South Africa’s annual producer price inflation slowed unexpectedly in October, official data showed on Thursday, mainly driven by the strength of the rand currency.
Statistics South Africa said PPI slowed to 6,4% year-on-year in October from 6,8 % in September, compared with a 6.8 percent consensus in a Reuters poll.
On a monthly basis PPI, which represents domestic output, fell by 0,4% from, 4,1% previously, compared with expectations of, 0,1%.
Exported commodities inflation also braked to 6,6% year-on-year in October from 7,6% the previous month, while on the imported side, inflation quickened to 1,3% year-on-year from 0,7%.
PPI comes a day after data showing consumer price inflation quickened to 3,4 % in October, which left analysts divided on whether the central bank will cut interest rates again at the next meeting of the Monetary Policy Committee in January.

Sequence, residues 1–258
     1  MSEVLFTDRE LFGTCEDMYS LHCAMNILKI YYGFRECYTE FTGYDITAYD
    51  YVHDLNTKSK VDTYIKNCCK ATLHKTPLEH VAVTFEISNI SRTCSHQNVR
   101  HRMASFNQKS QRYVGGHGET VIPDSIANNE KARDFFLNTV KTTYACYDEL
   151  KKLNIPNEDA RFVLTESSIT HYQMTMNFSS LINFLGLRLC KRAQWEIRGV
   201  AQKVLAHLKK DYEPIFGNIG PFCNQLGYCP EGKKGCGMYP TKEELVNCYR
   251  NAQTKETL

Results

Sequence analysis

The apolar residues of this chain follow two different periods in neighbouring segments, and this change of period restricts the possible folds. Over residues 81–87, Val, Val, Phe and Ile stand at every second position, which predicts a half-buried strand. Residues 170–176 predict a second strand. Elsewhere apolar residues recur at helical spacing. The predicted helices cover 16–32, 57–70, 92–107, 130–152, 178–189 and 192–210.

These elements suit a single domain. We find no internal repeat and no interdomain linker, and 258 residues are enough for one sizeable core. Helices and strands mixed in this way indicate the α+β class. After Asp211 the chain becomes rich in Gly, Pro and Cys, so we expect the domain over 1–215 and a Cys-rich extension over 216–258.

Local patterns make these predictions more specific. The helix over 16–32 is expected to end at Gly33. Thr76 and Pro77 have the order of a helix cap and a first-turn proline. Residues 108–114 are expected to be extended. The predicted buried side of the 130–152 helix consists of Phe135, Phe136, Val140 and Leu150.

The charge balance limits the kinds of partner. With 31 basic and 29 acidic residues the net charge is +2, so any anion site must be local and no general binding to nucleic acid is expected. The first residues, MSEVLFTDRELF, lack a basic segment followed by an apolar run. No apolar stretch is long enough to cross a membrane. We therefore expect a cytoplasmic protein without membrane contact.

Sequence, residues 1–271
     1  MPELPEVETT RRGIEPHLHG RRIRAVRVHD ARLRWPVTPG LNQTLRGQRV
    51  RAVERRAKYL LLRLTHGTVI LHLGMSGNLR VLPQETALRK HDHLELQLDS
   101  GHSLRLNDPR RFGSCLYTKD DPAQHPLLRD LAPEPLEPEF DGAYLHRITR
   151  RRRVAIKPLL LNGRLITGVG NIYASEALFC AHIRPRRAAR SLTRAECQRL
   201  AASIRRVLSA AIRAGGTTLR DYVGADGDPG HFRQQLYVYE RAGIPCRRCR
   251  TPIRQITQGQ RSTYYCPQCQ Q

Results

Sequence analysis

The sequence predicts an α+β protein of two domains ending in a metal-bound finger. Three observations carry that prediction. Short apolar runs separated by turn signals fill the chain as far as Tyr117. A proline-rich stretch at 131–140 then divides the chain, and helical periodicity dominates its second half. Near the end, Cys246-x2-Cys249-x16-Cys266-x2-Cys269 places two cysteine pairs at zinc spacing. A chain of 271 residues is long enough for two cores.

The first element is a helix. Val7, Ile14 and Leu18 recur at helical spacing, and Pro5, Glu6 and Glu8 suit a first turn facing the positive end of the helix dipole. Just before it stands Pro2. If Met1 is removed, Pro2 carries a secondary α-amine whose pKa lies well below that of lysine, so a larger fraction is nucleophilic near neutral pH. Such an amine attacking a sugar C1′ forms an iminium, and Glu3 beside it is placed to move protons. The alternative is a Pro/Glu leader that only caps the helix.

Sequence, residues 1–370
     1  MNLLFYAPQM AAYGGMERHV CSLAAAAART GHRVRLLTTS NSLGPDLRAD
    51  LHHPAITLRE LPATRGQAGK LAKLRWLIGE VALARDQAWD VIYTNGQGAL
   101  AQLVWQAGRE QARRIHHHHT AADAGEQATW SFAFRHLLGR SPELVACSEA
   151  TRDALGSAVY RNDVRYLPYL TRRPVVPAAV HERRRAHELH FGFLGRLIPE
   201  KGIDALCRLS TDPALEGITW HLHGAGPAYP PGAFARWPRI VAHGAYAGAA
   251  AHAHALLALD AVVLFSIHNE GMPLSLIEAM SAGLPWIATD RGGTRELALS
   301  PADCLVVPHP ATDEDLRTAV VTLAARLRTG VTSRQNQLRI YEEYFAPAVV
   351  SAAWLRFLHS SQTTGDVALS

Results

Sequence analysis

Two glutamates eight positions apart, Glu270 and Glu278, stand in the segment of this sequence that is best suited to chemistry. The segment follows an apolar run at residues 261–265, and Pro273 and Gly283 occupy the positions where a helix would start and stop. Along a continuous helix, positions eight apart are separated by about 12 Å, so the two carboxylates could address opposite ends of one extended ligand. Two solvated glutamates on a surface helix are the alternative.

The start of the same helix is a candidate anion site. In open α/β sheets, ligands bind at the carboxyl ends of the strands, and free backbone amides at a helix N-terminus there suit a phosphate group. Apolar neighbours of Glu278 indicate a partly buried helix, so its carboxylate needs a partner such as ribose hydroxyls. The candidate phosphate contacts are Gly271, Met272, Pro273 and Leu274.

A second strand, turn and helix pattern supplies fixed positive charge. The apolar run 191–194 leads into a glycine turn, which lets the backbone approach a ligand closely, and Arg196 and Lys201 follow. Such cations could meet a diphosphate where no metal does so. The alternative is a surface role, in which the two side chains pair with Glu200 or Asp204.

The South African Reserve Bank cut the repo rate by 50 basis points last week to 5,5%, bringing cumulative reductions since December 2008 to 650 basis points.
The rand has gained over 26 percent since the beginning of last year, helping to moderate factory gate prices.
Colen Garrow, an economist at Brait, said the PPI print supported the argument for further monetary easing.
“This PPI is still supporting the view that there could be further monetary easing in the New Year . . . depending on how the rand peforms and the growth outlook that we will see in the monthly data,” he said.
The rand was trading at 7,0712 against the dollar at 1001 GMT, from 7,0485 before the data was released. The yield on the 2015 government bond was unchanged at 7,195.